Sanela Diana Jenkins HR Series : Reparations, Restitution, and Transitional Justice

Seminar

Speaker(s)

Larry May,

Date and Time

March 8, 2011 5:30 PM - 6:45 PM

Availability

Open to Stanford faculty, students, staff, and visiting scholars.

Location

Landau Economics Building, ECON 140

FSI Contact

Michael Avanti Lopez

Larry May is a political philosopher who has written on conceptual issues in collective and shared responsibility, as well as normative issues in international criminal law. He has also written on professional ethics and on the Just War tradition.  

In addition to being W. Alton Jones Professor of Philosophy and Professor of Law at Vanderbilt University, he is also a Professorial Fellow at the Centre for Applied Philosophy and Public Ethics, Charles Sturt University in Canberra.  He has previously taught at Washington University, Purdue University, University of Wisconsin, and University of Connecticut. 

He has published 25 books and 100 articles. His five most recent authored books have been published by Cambridge University Press, including: "Genocide: A Normative Account" (2010) and "Global Justice and Due Process" (2011). 

His authored books have won awards from the American Philosophical Association, the North American Society for Social Philosophy, the International Association of Penal Law, the American Society of International Law, and the American Library Association. His writings have been translated into French, German, Spanish, Italian, Polish, Serbian, Japanese, Chinese, and Korean.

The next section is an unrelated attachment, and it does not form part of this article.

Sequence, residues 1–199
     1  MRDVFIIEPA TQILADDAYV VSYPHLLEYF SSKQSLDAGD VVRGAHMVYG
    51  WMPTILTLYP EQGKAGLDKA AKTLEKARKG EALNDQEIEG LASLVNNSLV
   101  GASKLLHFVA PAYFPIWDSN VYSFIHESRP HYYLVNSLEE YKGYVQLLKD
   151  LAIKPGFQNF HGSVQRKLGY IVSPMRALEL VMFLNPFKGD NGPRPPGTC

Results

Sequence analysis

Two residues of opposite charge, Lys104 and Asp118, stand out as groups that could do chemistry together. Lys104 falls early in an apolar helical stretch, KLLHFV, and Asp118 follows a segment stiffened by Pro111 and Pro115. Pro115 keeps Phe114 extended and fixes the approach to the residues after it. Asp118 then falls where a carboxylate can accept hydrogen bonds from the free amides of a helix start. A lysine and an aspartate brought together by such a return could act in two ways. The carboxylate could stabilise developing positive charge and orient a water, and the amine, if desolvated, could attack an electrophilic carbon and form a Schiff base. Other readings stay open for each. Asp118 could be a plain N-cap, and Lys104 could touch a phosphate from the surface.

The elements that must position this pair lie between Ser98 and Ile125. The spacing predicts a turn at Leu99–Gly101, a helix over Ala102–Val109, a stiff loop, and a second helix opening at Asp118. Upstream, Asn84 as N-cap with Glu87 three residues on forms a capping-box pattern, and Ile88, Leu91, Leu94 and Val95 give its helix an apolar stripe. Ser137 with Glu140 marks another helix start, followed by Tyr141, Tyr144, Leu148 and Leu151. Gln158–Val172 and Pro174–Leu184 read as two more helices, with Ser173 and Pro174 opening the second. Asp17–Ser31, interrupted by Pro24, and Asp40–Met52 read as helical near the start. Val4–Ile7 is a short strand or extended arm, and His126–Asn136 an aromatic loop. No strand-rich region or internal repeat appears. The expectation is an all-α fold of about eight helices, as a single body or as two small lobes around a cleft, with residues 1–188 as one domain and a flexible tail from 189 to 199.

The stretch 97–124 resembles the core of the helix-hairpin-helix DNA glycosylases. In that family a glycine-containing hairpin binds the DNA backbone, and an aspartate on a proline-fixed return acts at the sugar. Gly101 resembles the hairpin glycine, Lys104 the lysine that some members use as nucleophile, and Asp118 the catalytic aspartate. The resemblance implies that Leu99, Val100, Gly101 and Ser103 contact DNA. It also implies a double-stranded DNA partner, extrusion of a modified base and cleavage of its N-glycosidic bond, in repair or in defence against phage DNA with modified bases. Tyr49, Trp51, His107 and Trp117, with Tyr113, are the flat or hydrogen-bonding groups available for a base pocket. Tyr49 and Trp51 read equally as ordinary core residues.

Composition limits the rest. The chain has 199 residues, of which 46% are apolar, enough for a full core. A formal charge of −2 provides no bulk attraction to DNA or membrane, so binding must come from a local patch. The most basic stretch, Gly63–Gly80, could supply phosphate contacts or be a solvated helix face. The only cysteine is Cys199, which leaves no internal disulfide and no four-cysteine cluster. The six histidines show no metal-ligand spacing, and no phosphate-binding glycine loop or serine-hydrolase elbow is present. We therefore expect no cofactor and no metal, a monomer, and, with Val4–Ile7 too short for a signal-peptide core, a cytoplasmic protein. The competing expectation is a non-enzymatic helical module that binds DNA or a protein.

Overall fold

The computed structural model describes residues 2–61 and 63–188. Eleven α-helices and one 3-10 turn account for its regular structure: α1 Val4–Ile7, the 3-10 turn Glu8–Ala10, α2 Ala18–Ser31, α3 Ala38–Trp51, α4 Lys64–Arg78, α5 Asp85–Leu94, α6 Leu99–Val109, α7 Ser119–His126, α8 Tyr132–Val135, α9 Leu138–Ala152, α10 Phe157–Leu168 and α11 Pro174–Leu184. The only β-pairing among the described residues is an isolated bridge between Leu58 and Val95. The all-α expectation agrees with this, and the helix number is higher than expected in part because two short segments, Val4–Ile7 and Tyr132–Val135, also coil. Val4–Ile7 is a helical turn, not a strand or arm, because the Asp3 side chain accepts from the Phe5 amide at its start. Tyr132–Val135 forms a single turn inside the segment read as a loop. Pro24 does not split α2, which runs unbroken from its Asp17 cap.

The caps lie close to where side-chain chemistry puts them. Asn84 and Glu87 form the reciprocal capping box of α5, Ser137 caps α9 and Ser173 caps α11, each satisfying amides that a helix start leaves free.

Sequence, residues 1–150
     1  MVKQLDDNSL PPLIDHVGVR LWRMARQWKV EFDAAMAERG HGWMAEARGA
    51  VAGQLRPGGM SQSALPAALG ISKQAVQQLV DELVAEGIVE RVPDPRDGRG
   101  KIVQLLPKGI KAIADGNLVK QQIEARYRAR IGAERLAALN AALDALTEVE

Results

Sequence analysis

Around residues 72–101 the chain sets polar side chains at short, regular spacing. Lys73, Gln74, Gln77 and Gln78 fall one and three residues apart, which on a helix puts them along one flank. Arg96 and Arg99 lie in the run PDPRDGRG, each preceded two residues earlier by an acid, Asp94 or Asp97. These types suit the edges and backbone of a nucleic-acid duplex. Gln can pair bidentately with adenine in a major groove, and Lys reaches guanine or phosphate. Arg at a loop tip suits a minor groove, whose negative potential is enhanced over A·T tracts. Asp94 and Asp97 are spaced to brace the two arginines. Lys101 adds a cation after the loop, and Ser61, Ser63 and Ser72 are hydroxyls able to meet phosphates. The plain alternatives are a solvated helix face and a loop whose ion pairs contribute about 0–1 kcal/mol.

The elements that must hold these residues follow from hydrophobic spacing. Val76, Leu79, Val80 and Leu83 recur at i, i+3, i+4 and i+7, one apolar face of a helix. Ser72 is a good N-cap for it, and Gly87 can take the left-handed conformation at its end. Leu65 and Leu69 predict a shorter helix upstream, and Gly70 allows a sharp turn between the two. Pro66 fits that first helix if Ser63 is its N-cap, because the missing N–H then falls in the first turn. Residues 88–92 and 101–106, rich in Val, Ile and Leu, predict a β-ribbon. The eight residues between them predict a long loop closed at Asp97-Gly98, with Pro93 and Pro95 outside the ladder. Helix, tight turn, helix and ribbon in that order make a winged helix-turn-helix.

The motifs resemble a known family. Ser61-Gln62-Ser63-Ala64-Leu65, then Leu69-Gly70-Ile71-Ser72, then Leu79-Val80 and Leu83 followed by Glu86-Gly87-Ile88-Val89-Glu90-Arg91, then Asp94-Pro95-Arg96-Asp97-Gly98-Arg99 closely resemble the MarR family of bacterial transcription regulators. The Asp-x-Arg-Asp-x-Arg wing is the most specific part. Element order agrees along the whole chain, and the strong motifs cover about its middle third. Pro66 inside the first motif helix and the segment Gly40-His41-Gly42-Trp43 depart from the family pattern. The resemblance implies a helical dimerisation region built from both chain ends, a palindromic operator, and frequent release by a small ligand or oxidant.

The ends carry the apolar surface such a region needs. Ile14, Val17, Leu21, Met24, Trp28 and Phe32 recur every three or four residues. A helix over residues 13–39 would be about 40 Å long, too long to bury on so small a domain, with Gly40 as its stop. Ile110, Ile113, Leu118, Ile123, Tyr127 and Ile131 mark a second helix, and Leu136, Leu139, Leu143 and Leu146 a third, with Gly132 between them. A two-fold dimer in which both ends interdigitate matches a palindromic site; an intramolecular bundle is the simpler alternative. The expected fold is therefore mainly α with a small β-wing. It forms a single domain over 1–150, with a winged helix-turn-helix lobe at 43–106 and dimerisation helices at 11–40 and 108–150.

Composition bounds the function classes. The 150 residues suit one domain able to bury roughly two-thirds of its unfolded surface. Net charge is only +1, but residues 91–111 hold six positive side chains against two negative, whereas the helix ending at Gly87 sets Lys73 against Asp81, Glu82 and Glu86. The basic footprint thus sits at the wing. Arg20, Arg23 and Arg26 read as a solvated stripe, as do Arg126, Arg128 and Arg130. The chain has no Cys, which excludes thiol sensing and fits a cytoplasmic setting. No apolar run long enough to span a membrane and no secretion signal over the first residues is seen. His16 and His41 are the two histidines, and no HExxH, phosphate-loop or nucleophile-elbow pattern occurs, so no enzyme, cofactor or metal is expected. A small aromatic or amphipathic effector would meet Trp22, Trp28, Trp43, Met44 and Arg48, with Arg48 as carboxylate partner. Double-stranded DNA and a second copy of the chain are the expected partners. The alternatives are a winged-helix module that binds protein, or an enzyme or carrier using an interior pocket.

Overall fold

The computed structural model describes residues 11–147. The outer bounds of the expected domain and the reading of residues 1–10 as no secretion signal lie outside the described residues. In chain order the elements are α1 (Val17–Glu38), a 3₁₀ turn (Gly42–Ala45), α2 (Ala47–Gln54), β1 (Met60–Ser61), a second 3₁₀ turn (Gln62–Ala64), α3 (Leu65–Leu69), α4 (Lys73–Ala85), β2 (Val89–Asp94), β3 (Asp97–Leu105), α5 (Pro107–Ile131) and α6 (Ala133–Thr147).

Professor May has lectured extensively around the world, including, in the last two years, keynote or plenary addresses at conferences in: Oxford, St. Andrews, Oslo, Helsinki, Krakow, Belgrade, Bielefeld, The Hague, Delft, Leiden, Montreal, Victoria, Toronto, Canberra, Melbourne, and Sydney.  

He has served on the board of directors of the American Philosophical Association and is past president of AMINTAPHIL, the American section of the International Society for Philosophy of Law. In addition, he has occasionally taken a criminal appeals case, and has worked on several death penalty cases, in the United States.

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